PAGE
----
Agriculture

Welcome to Water Chaos, California

I’d wager most Californians have never heard the term, “Incidental Take Permit.”

It sounds innocuous, right?

In the most basic water-speak, it is a permit to lawfully operate infrastructure, as defined by Endangered Species Act.

What do you need to know? One of these incidental take permits will soon be filed and send our water ecosystem into complete chaos.

I and the good folks at The Sun have written extensively about the new Biological Opinions (or BiOps) released by the Trump administration last October.

These are documents produced with the goal of operating our state’s massive water infrastructure in a way that does not jeopardize fish species while giving us the water we need to drink, grow food, and – in the most basic sense – live.

The opinions were produced, reviewed, and reviewed again by people who represent both water and fish, scientists, water agencies, the State, and the Feds.

The list of people involved in producing these BiOps is too long to list in a column and you likely have not heard of many of them.

On a basic level, surface water (or water that arrives via rainfall) in California runs through two systems: the State Water Project and the Central Valley Project. The projects are run by the State of California and the Federal government, respectively.

They are also largely interconnected and the two projects operate through a cooperating agreement that, as you can imagine, is very complicated and takes an effort by many players so that water comes from your tap or irrigates your farm.

The Incidental Take Permit is set to serve as a bureaucratic wrench placed into the gears of the complicated legal machinery of these two projects.

Ultimately, it will contradict the agreements made between the state and Federal government, along with the BiOps.

The end result: chaos. Water operators will face a situation they have never dealt with before and expensive litigation that will last years will commence.

At the end of it all, the people and farmers in the Golden State will wind up scratching their heads wondering what happened to their water.

Gov. Gavin Newsom has visited the Central Valley on several occasions, pitching a message of inclusion and optimism to seemingly pursue the success of water delivery to an area where water delivery is absolutely significant to the entire country.

The new opinions released during his term are an opportunity for the Governor to embrace the latest, most cutting-edge, and irrefutable science known in water management today.

In a state where water has made headlines as much, if not more than any other issue, new guidelines backed by this massive effort was a political gift for the Governor.  

Those new BiOps not only guide water to the Central Valley, they also convey it to 25 million people in America’s second largest city and beyond in Southern California.

Instead, what happens? In a political gambit, Newsom delivers a pre-emptive strike to President Donald Trump and files a lawsuit to jeopardize the water source for those millions of Californians.

It hasn’t panned out exactly as Newsom would have hoped. Since filing the suit, both State Water Contractors (those users who receive their water from infrastructure controlled by Newsom) and Central Valley Project users (whose water come from Federal pumps) have defended the new opinions issued by Trump

Back to the issue at-hand: how could this Incidental Take Permit, a simple stack of papers from Newsom’s administration, generate unmitigated chaos?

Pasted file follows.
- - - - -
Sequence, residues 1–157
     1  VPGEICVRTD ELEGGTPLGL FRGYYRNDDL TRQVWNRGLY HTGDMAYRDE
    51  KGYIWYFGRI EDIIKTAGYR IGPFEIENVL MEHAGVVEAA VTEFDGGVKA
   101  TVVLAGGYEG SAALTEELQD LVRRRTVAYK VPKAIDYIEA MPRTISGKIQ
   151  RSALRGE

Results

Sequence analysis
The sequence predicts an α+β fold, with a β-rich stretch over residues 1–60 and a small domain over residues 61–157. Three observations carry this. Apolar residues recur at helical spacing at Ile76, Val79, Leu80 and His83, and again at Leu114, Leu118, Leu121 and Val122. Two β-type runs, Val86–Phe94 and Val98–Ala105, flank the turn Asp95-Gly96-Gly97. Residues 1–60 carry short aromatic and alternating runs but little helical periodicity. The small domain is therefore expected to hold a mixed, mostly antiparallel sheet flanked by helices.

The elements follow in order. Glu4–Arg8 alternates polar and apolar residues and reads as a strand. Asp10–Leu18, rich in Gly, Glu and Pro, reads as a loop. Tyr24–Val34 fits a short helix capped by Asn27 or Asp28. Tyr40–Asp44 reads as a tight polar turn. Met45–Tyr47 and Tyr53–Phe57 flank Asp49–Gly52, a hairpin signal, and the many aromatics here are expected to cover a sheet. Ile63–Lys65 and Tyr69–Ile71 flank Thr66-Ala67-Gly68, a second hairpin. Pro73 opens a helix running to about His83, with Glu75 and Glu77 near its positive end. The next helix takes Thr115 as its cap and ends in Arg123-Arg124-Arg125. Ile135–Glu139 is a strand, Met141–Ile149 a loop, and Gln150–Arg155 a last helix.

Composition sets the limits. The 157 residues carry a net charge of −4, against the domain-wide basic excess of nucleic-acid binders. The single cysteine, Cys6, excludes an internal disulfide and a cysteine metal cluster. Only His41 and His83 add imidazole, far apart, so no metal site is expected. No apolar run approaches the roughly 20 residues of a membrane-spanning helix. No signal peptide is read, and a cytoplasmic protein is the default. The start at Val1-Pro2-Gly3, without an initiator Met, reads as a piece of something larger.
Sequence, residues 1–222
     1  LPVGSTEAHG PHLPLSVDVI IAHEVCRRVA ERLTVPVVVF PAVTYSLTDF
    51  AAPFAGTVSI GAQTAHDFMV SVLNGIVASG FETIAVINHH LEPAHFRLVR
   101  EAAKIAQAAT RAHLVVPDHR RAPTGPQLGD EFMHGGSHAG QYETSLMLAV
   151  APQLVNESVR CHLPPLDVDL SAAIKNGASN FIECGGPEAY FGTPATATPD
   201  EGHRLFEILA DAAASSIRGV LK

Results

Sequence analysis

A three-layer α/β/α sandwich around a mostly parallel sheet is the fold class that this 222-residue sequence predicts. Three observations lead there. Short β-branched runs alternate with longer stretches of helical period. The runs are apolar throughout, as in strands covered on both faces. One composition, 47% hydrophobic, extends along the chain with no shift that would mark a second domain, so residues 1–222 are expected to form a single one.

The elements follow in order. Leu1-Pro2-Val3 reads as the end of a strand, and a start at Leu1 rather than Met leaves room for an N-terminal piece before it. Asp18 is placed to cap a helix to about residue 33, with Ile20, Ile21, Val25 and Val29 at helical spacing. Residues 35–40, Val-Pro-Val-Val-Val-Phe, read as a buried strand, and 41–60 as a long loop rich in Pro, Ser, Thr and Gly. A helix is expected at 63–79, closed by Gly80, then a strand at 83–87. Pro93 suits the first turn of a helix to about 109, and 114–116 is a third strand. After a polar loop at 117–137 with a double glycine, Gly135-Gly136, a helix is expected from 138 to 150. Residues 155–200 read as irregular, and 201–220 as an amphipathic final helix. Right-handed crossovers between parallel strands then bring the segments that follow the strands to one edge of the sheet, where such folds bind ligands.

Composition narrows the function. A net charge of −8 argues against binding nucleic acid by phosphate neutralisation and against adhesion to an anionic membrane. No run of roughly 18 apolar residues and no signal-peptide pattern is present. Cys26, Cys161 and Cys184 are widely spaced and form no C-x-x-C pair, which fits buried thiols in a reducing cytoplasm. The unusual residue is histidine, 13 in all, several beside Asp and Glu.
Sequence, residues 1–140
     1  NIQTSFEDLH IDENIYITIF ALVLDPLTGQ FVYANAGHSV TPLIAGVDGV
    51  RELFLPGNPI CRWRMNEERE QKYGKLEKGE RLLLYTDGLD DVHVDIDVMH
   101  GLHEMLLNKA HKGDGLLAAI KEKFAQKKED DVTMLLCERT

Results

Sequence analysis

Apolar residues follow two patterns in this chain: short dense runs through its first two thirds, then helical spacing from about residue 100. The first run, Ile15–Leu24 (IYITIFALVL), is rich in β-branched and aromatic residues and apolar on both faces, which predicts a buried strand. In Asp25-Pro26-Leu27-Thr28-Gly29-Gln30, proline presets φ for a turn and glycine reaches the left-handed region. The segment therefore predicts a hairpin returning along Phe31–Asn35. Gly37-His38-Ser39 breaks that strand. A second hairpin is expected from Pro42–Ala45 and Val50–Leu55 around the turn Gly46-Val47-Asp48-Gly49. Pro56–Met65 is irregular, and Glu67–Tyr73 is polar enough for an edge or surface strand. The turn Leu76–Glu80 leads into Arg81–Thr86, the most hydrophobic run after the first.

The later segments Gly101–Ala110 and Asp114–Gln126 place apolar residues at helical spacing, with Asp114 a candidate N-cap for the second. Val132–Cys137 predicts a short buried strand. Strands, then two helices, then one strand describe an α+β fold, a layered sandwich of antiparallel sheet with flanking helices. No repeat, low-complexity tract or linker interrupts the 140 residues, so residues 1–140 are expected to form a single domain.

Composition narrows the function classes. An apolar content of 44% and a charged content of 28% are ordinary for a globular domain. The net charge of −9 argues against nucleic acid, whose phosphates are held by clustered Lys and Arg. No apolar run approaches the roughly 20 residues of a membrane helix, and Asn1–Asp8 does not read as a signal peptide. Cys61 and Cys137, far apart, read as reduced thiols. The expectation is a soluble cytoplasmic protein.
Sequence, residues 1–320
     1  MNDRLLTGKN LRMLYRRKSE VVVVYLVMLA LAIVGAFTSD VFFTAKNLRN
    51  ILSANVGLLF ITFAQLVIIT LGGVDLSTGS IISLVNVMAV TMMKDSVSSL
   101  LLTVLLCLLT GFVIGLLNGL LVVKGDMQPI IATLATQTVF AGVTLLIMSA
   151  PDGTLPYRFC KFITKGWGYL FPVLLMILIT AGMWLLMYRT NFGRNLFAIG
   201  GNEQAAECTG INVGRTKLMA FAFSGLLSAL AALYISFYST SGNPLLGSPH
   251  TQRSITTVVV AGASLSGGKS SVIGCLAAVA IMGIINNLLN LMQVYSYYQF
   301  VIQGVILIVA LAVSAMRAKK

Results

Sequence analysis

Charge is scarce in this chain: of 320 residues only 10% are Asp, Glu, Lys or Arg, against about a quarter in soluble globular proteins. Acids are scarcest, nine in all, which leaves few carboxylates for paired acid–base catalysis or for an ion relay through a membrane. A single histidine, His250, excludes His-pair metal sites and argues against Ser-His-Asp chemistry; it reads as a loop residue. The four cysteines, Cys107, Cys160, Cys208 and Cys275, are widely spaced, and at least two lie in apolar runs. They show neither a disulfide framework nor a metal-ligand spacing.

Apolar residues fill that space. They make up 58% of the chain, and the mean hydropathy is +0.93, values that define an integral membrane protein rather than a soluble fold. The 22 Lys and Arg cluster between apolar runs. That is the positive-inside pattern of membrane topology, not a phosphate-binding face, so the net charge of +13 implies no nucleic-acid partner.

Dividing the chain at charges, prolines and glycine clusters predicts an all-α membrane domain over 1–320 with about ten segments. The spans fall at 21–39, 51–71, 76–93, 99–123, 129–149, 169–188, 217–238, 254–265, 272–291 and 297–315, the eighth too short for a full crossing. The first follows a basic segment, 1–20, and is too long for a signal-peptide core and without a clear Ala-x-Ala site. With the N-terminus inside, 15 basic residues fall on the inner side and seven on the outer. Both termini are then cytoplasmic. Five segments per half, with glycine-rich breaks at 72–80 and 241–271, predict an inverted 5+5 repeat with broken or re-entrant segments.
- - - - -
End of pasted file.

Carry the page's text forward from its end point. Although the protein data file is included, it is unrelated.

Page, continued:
By including widely-expected mandates that contradict mandates governing the Central Valley Project.

Two differing sets of mandates over California’s Sacramento-San Joaquin Delta would not only severely hamper operations, but Californians would undoubtedly see more water unnecessarily go straight to the ocean.

Politicizing water in California is certainly nothing new, and our State has been very successful as an exporter of water.

We export more water to the ocean than any other state in the U.S.

And while no one can deny the difference of opinion between Gov. Newsom and President Trump, we’ve hit a point that goes far beyond differences of opinion. 

Newsom appears willing to put the future of his own people at risk. Is he willing to put the economic security of his own state at risk merely because of his distaste for the President?

Or simply put: are people willing to endure all this potential economic peril for one politician to win an arm-wrestling contest?

Yet, Gov. Newsom is not alone.

Valley water associations and grower groups also have members, paid executives, and lobbyists who join in the chorus of Trump hate, despite tangible results for themselves.

Talk about cutting off your nose to spite your own face.

Yet, all too many farmers nod their heads at the so-called “wisdom” from these executives and political insiders without questioning their motives or results.

For lobbyists and these water and ag advocacy executives, it is the hope that appeasing members and placating to the correct politicians leads them to a better, higher-paying gig.

For the Governor and his sidekicks, such as Attorney General Xavier Becerra, it is a combination of hatred and long-sought social re-engineering of our state.

For the rest of us, it is about the use of our money and the sacrifices we will have to make.

Despite his rhetoric to appease farmers into slightly-less disastrous voluntary agreements – which are dead on arrival with this chaotic incidental take permit – it is a near-certainty that water litigation will be the ultimate legacy of Gov. Gavin Newsom.

Wayne Western, Jr.
Wayne Western, Jr. the The Sun’s Agriculture Pulse contributor, writing on the San Joaquin Valley’s agricultural community and water issues.